I admit, I’m not a designer. I’m a coder. But like the critic longing to write his own novel, I have this craving to design. Starting with my very first computer with a graphical user interface, I fell in love with icon design. Back in the days when app icons were 32 × 32 pixels of black and white, things were easy. Also, 256 colors I did manage. Then app icons started having up to 1024 × 1024 pixels, thousands of colors and Skeuomorphism came along the way. And with that, I reached the end of my skill set. My adventures into the world of icon design were over.
While working on the last major update of Posterino, I realized that the app icon was no longer in line with the visual language of modern macOS. I knew, something needed to be done. Since the days of the hight of Skeuomorphism, time has passed and macOS has materialized into being much more flat. Flat for me meaning: The design being more approachable for people with a limited skill set like me. So, I allowed myself to give it a try.
The game was afoot.
Dissecting the current app icon of Posterino, it became obvious to me. The cutter knife was still as sharp as in its first days, but the rest of the icon no longer fit the shape.
Naturally, I first tried to stick with the concept of the existing icon and keep the idea and the frame.
But those sketches felt like a dead end. It was time to step back and reflect on what the app icon should be all about. For me, the idea, the icon should represent is, and always was:
“Assemble a new whole from individual parts in endless ways of creativity”
This essence is rooted in my vision for Posterino and in the meaning of the term collage:
“A technique of art creation by which art results from an assemblage of different forms, thus creating a new whole.”
The core ideas here are assembling, individual parts and new whole. I stepped back and tried again.
Previously, all Posterino app icons featured tiny “photos” as the building blocks of the collage. This idea was lost by the new approach. Or wasn’t it?
“Every block of stone has a statue inside it, and it is the task of the sculptor to discover it.” — Michelangelo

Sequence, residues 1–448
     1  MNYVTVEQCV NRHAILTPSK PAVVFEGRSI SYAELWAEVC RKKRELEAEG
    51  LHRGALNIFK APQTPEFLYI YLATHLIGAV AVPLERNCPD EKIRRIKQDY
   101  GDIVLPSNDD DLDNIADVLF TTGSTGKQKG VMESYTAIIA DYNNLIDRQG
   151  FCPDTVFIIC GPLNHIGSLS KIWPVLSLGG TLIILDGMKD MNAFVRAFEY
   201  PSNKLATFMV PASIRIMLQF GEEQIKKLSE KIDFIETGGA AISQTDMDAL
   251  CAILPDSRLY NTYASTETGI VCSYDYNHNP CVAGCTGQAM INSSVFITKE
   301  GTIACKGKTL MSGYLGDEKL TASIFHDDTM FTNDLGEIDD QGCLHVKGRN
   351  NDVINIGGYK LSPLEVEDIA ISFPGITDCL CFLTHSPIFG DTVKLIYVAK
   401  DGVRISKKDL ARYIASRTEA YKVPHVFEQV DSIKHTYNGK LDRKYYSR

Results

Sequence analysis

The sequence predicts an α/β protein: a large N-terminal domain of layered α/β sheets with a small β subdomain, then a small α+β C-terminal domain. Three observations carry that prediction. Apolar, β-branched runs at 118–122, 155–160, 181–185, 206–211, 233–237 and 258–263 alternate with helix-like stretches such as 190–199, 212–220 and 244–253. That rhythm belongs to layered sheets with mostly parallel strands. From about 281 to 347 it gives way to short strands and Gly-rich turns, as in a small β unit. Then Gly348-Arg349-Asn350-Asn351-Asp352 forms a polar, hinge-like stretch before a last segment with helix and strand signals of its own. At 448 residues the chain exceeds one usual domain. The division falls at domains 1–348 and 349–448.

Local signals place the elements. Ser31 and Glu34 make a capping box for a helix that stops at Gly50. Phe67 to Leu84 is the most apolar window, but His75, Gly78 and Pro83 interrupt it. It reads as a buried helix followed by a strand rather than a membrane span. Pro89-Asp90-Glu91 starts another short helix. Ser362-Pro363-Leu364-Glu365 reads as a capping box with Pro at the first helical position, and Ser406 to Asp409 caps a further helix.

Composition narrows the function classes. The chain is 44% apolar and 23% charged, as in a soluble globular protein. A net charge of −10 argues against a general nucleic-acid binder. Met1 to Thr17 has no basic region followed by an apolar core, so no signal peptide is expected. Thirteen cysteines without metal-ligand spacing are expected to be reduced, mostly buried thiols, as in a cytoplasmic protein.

Then it hit me. The idea was not lost, it was still there. But on a much more abstract level. The new sketches reminded me of something also built from individual parts, and also forming one pice of art. I approached my material under the new angle and tried to reveal, what was inside it.
Then the pieces fell into place.
The new icon consists of tree parts: A canvas, a “blossom” and a cutter knife. All by themselves references to the process of collage creation.
The canvas is the foundation on which the individual parts of the collage are arranged. The frame holding the composition. Here, as a square with rounded corners, referring to the way apps look like on macOS and iOS today. Making the icon instantly recognizable as an app.
The cutter knife as the principle tool of the collage artist. The original knife of the app icon was designed by Marcelo Marfil for Posterino 2. Thanks to the wonderful work of Marcelo, the knife still fitted perfectly, and I just did some cleanup and color adjustment to align it with the style of the new icon.
And finally the blossom. It reminds of stained-glass windows. Where small pieces of colored glass are arranged to form patterns or pictures. Held together traditionally by strips of lead. The individual photos – which were recognizable in the previous Posterino app icons – are now an abstract concept. The individual parts making a new whole.
The basic building blocks of the blossom aren’t circles. If you follow a “strip of lead”, you can see, it is an infinite loop. For me, a reference to the infinite possibilities of creativity or creativity itself. The endless loop, to be exact, is a Hypotrochoid, a special type of Cycloid. A subtle hint to the name of my company, Zykloid Software.
I think, the new app icon is not only a refinement of the identity of Posterino, but also a vision for its future.
To rephrase Michelangelo:
“Every app concept has an iconic representation inside it, and it is the task of the designer to discover it.”
Just as Michelangelo saw the statue within a block of stone, designers envision the icon within the app’s concept. With careful exploration, ideation, and execution, designers can reveal the essence of the app in its icon, capturing its unique personality and features. It’s the designer’s job to reveal the app’s “statue” in the form of a compelling, memorable, and recognizable icon that communicates the app’s core message to users.
For me, the design process has been about careful exploration, patience, and not being intimidated by the fact that I lack serious design skills. Looking at the new icon now makes all appear so obvious, so easy, so simple. Forgotten are all the failed attempts. Forgotten is all the doubt.
I’m still not a designer. But I still love to design.